(Nanowerk News) “GaN-based vertical-cavity surface-emitting lasers (VCSELs) are expected to be adopted in various applications, such as retinal scanning displays, adaptive headlights, and high-speed visible-light communication systems,” explain Tetsuya Takeuchi and colleagues at Meijo University and Nagoya University in Japan in their latest report.
However, so far the structures designed for commercialising these devices have poor conducting properties, and existing approaches to improve the conductivity introduce fabrication complexities while performance is inhibited.
Schematic of a 10-pair Si-doped AlInN/GaN DBR structure for vertical current injection and (b) a Si-doping profile in a pair of AlInN/GaN layers.
VCSELs generally use structures called distributed Bragg reflectors to provide the necessary reflectivity for an effective cavity that allows the device to lase. These reflectors are alternating layers of materials with different refractive indices, which result in a very high reflectivity. Intracavity contacts can help improve the poor conductivity of GaN VCSELs, but these increase the cavity size leading to poor optical confinement, complex fabrication processes, high threshold current densities and a low output-versus-input power efficiency (i.e. the slope efficiency).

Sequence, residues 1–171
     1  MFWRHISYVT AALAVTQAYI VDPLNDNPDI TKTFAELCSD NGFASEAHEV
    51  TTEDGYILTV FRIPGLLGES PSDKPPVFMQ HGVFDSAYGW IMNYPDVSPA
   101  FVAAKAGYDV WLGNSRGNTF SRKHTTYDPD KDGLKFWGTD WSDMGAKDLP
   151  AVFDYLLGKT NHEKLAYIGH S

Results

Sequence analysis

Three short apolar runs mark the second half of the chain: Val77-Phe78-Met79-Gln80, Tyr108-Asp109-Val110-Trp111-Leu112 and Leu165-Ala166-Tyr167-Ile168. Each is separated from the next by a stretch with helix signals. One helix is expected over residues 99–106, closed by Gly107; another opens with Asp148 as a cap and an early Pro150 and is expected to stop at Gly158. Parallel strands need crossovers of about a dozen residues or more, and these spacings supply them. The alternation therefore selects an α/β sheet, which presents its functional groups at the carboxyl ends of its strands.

The low conductivity in DBR structures is the result of polarization charges between the layers of different materials – AlInN and GaN. To overcome the effects of polarization charges, Takeuchi and colleagues used silicon-doped nitrides and introduced “modulation doping” into the layers of the structure. The increased silicon dopant concentrations at the interfaces help to neutralize the polarization effects.
Meijo and Nagoya University researchers have also devised a method to expedite the AlInN growth rate to over 0.5 µm/h. The result is a 1.5λ-cavity GaN-based VCSEL with an n-type conducting AlInN/GaN distributed Bragg reflector that has a peak reflectivity of over 99.9% , threshold current of 2.6 mA, corresponding to a threshold current density of 5.2 kA/cm2, and an operating voltage was 4.7V.